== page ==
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California Gold Rush:

In January of 1848, James Marshall had a work crew camped on the American River at Coloma near Sacramento. The crew was building a saw mill for John Sutter. On the cold, clear morning of January 24, Marshall found a few tiny gold nuggets. Thus began one of the largest human migrations in history as a half-million people from around the world descended upon California in search of instant wealth.

The first printed notice of the discovery was in the March 15 issue of "The Californian" in San Francisco. Shortly after Marshall's discovery, General John Bidwell discovered gold in the Feather River and Major Pearson B. Reading found gold in the Trinity River. The Gold Rush was soon in full sway.

In 1849, quartz mining began at the Mariposa mine in Mariposa County. Gold deposits were often found inside quartz veins. In 1850, California became a state. Also that year, gold-bearing quartz was found at Gold Hill in Grass Valley. This led to the development of the great underground mines in that district and a major industry the continued for more than 100 years.

In 1851, Gold was discovered in Greenhorn Creek, Kern County. This discovery led to the rush to the upper Kern River region. By 1852, California's annual gold production reach a then all-time high of $81 million.

Other important Gold Rush dates and discoveries:

In 1852, hydraulic mining began at American Hill just north of Nevada City and a Yankee Jims in Placer County.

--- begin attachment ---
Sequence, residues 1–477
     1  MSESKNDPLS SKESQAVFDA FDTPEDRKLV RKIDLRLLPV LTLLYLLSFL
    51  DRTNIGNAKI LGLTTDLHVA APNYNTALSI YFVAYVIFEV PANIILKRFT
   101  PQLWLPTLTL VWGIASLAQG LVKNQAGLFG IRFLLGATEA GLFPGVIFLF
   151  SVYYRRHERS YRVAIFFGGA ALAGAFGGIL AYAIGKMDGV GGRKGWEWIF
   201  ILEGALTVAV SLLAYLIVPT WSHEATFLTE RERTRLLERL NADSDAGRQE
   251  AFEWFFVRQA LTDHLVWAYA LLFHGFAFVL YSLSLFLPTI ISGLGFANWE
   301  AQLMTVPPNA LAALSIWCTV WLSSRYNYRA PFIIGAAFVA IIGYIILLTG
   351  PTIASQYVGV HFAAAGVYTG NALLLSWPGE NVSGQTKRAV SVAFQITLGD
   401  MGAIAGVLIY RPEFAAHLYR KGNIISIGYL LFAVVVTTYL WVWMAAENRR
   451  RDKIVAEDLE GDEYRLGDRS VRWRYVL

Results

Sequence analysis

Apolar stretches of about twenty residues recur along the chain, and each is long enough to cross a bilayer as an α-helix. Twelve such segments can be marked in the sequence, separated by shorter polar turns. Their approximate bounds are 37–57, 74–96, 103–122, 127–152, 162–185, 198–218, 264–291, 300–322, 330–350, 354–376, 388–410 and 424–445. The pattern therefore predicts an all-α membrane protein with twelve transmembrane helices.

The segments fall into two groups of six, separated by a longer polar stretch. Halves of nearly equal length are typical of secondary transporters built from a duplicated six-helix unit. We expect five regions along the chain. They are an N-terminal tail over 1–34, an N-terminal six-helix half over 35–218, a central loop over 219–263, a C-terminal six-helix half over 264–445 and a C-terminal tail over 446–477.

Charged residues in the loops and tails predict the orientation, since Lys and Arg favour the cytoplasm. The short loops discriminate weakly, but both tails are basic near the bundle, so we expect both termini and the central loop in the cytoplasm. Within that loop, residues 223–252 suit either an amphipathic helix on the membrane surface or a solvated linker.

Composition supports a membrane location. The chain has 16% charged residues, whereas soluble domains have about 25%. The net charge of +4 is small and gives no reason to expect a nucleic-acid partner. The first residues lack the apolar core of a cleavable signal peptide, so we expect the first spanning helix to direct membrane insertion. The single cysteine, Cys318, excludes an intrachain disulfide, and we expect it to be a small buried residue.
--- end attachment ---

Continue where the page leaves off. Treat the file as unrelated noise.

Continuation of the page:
In 1853, the first extensive underground mining of buried river channels commenced in the Forest Hill District, Placer County.

Also in 1853, the placers at Columbia, Tuolomne County, began to yield vast amounts of gold. This continued until the early 1860s. At that time, Columbia was one of the largest cities in the state.

A partial exodus of miners took place in 1853 when gold was discovered on the Fraser River in British Columbia.

In 1854, a 195-pound mass of gold, the largest known to have been discovered in California, was found at Carson Hill in Calaveras County.

By 1855, the rich surface placers were largely exhausted, and river mining accounted for much of the state's output until the early 1860s.

In 1859, the famous 54-pound Willard nugget was found at Magalia in Butte County.

By 1864, California's gold rush had ended. The rich surface and river placers were largely exhausted; hydraulic mines were the chief sources of gold for the next 20 years.


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